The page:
“This may mean using low-calorie balancer feeds or some of the low-carb feeds that you also feed at a fairly low rate because they’re meant for the inactive or obese horse,” adds Cubitt. “So indirectly, even if the horse wasn’t at risk, some calorie control (such as limiting his time at pasture) may still help him.”

Unnatural Pastures

Even though a horse’s natural habitat is free-choice, full-time grazing, that natural environment was native prairie grasses and slow-growing bunchgrasses, not the lush, irrigated fields of improved “tame” pasture/hay of a modern horse farm.

“The horse evolved eating grasses that contained more fiber and much less sugar,” says Cubitt.

Irrigated pastures or pastures in humid climates contain “improved” plants that produce more pounds of forage per acre. “Pasture and hay grasses today were developed for the dairy and beef industry,” she notes. “The ability to accumulate sugars was desired because the more sugar, the more milk the dairy cow would produce or the faster a beef animal would grow. The native bunch grasses are not as thick, nor as tolerant to trampling, as many tame grasses.”

It takes many more acres of bunch grass (than it would of cultivated tame grasses) to feed a horse. Rangelands in the West, for instance, provide good grazing for cattle and horses, but it might take 10 acres per animal, or even 100 acres per animal on arid ranges of Nevada where grass is sparse.

“I grew up in Australia, where some areas are very arid and it takes many acres to feed an animal,” says Cubitt. “By contrast, my grandparents live in New Zealand, where it’s greener and you can have several animals per acre. “With domestication, horses often live in stalls or small pastures and can’t move around, whereas in the wild they walk almost continually,” she explains.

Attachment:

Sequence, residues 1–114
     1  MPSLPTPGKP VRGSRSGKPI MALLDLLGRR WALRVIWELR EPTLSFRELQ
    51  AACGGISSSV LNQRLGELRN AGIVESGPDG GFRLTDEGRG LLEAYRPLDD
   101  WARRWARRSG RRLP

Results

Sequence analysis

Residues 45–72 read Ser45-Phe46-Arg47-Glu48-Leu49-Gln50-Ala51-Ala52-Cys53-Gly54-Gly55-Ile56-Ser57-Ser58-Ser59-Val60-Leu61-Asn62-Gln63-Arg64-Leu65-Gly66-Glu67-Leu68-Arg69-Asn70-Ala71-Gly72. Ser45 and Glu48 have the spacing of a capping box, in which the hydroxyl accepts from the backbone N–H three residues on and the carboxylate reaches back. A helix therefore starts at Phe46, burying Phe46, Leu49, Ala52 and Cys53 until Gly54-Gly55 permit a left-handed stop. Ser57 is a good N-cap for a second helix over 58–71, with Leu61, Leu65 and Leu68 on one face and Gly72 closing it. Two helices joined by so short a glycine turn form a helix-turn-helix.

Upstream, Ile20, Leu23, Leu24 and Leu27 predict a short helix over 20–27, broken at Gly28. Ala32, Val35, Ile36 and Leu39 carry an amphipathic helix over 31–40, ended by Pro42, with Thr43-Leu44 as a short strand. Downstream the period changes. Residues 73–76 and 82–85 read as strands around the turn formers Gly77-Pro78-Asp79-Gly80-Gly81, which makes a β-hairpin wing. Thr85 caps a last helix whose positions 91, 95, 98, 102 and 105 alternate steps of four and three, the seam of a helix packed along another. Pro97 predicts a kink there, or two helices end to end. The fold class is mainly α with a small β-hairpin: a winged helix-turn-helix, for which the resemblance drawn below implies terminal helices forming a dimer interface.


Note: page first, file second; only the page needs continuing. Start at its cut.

If horse owners stop to think, they realize their pastures are not a natural environment for the horse. This can make a difference in the decisions they make on how to manage their horses most appropriately.

Take-Home Message

Understanding how grass grows, and how sugars are used and available in grass and hay, can help you better manage your overweight and at-risk horses. High sugars in grass and hay can be dangerous for horses prone to certain problems, so keep an eye on the weather, grass growth, and horse weight.

About the Author

Heather Smith Thomas

Heather Smith Thomas ranches with her husband near Salmon, Idaho, raising cattle and a few horses. She has a B.A. in English and history from University of Puget Sound (1966). She has raised and trained horses for 50 years, and has been writing freelance articles and books nearly that long, publishing 20 books and more than 9,000 articles for horse and livestock publications. Some of her books include Understanding Equine Hoof Care, The Horse Conformation Handbook, Care and Management of Horses, Storey's Guide to Raising Horses and Storey's Guide to Training Horses. Besides having her own blog, www.heathersmiththomas.blogspot.com, she writes a biweekly blog at http://insidestorey.blogspot.com that comes out on Tuesdays.